More than 280 journalists at The Wall Street Journal and parent company Dow Jones have a difference on opinion.
In a letter sent to Dow Jones CEO Almar Latour, the editors, reporters and others protested what they termed the spread of “misinformation” in the WSJ opinion section.
The WSJ dustup comes just weeks after a similar uprising at the New York Times over an opinion piece by Republican Sen. Tom Cotton, which called for federal troops to stop nationwide protests. The fallout after it ran saw Opinion Editor James Bennet resign, followed by columnist Bari Weiss, who condemned the paper’s “Illiberal environment.”
At the WSJ, the employee letter called for a clearer firewall between the news and opinion divisions.
“Opinion’s lack of fact-checking and transparency, and its apparent disregard for evidence, undermine our readers’ trust and our ability to gain credibility with sources,” the letter states. “Many readers already cannot tell the difference between reporting and Opinion. And from those who know of the divide, reporters nonetheless face questions about the Journal’s accuracy and fairness because of errors published in opinion.”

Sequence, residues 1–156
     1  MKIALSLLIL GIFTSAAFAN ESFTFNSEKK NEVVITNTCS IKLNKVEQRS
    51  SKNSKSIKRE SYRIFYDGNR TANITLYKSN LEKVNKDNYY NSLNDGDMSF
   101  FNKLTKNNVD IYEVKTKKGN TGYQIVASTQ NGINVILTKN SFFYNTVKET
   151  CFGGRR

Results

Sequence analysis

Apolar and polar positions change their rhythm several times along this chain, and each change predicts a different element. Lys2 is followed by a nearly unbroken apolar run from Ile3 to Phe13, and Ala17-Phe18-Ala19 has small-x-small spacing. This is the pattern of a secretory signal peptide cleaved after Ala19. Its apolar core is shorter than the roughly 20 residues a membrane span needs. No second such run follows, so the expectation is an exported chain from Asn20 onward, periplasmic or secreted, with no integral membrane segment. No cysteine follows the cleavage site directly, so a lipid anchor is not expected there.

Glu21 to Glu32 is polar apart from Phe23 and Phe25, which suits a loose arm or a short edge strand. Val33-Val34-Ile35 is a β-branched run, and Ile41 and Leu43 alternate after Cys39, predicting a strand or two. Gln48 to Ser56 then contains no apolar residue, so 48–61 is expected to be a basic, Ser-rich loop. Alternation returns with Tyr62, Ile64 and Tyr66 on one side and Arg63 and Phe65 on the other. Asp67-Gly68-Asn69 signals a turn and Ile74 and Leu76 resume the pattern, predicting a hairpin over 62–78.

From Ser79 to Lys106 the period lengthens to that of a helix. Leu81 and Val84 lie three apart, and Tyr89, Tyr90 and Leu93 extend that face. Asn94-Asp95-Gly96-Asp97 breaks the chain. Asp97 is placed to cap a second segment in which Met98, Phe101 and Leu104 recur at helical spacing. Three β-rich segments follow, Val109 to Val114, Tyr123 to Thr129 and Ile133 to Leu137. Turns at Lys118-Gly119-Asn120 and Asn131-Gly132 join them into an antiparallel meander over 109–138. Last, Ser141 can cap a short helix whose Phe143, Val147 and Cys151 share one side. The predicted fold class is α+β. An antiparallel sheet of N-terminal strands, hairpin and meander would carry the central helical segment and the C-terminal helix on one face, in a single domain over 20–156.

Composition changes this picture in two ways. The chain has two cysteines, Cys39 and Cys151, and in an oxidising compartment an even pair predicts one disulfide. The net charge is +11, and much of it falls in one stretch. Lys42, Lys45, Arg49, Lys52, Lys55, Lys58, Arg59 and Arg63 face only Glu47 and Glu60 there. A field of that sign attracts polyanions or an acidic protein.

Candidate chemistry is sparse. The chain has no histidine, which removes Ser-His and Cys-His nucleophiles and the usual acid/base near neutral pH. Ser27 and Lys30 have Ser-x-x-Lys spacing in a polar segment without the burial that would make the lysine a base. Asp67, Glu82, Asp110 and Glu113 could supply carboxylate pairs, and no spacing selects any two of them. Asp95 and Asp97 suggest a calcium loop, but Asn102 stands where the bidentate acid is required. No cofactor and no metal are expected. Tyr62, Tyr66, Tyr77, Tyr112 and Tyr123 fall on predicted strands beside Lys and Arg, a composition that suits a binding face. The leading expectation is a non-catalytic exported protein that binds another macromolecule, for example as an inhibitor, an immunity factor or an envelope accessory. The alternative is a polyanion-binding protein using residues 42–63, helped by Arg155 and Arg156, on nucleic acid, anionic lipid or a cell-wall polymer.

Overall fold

The employee letter cited a column by Vice President Mike Pence that claimed panic over a second wave of the coronavirus was “overblown.” The employees claimed the piece contained several errors when it was first published and said Opinion editors published it without fact-checking Pence’s claims against government figures. Opinion later issued a correction.
Also cited was a column titled The Myth of Systematic Police Racism by conservative commentator Heather Mac Donald. The employee letter claimed the column “selectively presented facts and drew an erroneous conclusion from the underlying data.”
The letter concluded by proposing a set of changes, including labeling editorials and columns more prominently on the website and mobile apps.
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